#236 WideFinder-2 in Fan (multi-core version)

brian Mon 9 Jun 2008


I finally have a Fan script which parallelizes nicely on the Sun Fire T2000. This version of the program runs on the full 42GB dataset a bit under 18min and weighs in with 114 LOC. If you stripped comments and wrote your opening braces differently it is only 91 LOC.

real    17:48.4
user  3:27:37.4
sys   1:37:00.0

I'm sure there will be lots of speedier results, but hopefully this will turn out to be respectable performance. But my real goal is a simple, concise program. I have a program which runs a tad faster (best run 16:57), but if this was production code I'd go with this version which is easier to understand and maintain.

What Doesn't Work

First a couple tips to what doesn't work. I'm running Fan on the JVM, so under the covers we are using Java's IO. A simple Fan program can read the bytes of the 42GB data in less than 5 minutes - so we aren't IO bound. The killer is converting from bytes to Strings, but that is unavoidable (the price of a Unicode enabled VM).

So the challenge is how to parallelize decoding bytes into Strings we can parse. I tried a couple attempts to divide the file up and give each thread a region of the file to read and parse. But having multiple threads with open file handles did not utilize the cores well.

Another design I tried out was funneling all the parsed lines to a single totalizer thread who was responsible for managing the mapped counters. That is clean and simple because we don't have a merge step. But after I added some diagnostics, I saw that it was spending a lot of time in a wait step due to flow control on the totalizer's message queue. I was able to achieve good performance by sending batches of 1000s to the totalizer, but it resulted in a more complicated program - so I ditched that strategy. So this version does the totalizing in the parsing threads with an extra merge step.


All thread concurrency is handled with message passing using Thread.sendAysnc. The basic flow of the program:

  1. spawn reader thread to read in 64kb chunks of the file
  2. spawn n parser threads to parse those 64kb chunks in parallel and totalize the results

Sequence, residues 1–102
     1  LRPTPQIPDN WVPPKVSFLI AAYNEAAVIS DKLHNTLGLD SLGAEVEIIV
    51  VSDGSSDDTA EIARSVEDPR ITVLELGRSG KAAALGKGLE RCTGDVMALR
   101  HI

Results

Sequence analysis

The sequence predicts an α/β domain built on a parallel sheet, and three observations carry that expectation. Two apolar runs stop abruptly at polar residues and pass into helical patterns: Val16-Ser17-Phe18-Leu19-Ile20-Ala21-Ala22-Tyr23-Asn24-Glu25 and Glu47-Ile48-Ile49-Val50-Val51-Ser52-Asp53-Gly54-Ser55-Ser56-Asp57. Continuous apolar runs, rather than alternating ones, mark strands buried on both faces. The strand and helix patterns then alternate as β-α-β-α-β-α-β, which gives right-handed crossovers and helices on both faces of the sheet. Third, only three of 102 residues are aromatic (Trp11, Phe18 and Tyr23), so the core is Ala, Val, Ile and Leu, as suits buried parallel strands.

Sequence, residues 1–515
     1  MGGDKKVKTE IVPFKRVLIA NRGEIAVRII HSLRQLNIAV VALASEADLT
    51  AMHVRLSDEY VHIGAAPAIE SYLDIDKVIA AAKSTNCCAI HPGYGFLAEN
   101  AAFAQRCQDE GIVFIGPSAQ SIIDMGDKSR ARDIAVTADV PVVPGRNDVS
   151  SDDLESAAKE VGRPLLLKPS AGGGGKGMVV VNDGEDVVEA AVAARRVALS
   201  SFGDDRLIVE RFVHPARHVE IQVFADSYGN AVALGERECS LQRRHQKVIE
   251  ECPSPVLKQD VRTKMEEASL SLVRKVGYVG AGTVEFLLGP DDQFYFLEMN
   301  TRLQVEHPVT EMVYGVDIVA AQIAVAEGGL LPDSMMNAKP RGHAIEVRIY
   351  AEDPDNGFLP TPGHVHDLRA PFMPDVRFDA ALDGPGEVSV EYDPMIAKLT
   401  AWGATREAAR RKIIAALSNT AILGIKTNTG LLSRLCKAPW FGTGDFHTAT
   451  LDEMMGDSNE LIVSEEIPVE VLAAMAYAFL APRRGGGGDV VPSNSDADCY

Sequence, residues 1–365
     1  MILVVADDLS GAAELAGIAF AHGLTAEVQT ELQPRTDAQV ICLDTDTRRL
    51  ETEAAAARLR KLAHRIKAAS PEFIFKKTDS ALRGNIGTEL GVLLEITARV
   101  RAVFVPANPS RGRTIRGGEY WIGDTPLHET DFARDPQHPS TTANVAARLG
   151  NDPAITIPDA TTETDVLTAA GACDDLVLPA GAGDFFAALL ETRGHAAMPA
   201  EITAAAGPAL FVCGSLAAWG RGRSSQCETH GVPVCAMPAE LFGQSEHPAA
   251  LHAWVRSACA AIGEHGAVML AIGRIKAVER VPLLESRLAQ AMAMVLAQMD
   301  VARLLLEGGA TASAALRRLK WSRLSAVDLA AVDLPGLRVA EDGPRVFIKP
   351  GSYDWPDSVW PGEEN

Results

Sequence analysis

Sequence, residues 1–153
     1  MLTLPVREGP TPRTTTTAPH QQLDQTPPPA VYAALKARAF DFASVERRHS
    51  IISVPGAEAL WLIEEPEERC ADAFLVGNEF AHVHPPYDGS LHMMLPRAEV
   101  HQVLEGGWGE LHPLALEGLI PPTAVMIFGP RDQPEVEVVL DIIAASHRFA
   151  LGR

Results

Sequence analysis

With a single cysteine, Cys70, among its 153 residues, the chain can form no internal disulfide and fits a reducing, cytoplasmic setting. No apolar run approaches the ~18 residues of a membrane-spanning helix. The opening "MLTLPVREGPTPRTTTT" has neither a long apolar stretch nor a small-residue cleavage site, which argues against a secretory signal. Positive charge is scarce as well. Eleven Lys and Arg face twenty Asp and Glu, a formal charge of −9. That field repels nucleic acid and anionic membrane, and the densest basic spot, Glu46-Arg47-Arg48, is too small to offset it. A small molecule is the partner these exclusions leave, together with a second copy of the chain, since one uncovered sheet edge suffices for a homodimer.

3. wait for the reader to finish
  4. send null to the parsers threads to get their individual shard of results
  5. spawn a thread to merge the shards and report on each field (hits, 404s, etc)


The reader thread is the responsible for reading the file as fast as possible. We loop through using a random access file reading in 64kb Bufs. Once we read in 64kb, we trim the buffer backwards to the last newline, and reposition the file pointer to re-read those bytes. Remember we only want this thread to read bytes, it doesn't do any character decoding into strings.

As we read buffers, ideally we'd just like to send them as async messages to the parser threads on a rotating basis. The problem is that we can quickly fill up our message queues with huge chunks of memory - so we need some flow control. The way I implemented flow control was to have the parser's send themselves to the reader's message queue when they are ready for more work. The reader waits for the next parser in its loop, reads the next chunk, and then sends it as an async message back to the parser. With this design we don't ever enqueue more than one 64kb chunk on each parser's message queue.


The parsers are where we utilize the cores during the IO/totalization phase. Each parser thread is responsible for:

  1. waiting for 64kb chunks from the reader
  2. parsing those chunks into log records
  3. totalizing the records
  4. sending itself back to the reader as an async message for more work

The totals for a single parser thread is called a Shard. A shard contains the maps for the various log fields (hits, bytes, clients, etc). When the main thread joins with the reader thread, it sends null to each parser to get back its shard results.

I'm not sure what the optimal number of parsers is, but using 30 parsers was able to parse the 218 millions lines in 16min 43sec. This phase is by far where most of the runtime is spent. A lot of is spent mapping bytes to java.lang.Strings. This is understandable since we have to copy from byte[] into char[] under the covers using a charset. Maybe something in NIO can read from file directly into char[] under the covers - but I didn't investigate.


Once we've gotten all the shards, we spawn a report thread for each field: hits, bytes, clients, 404s, and refs. The report thread's responsibilities:

  1. merge shards into one big Str:Int map
  2. reverse sort the map values to find the threshold (10th highest value)
  3. find all the key/value pairs with a value higher than threshold
  4. write the report to a string
  5. return the report string to the main thread to print

You could definitely do some clever things here to parallelize the merge/sort better. But this phase only consumes 51sec of the total run, so I stuck with a simple, brute force design.


class WideFinder
  static const Int numParsers := 30
  static const Int chunkSize  := 65536

  Void main()
    // spawn reader and parser threads
    reader := Thread.make("reader", &readerRun).start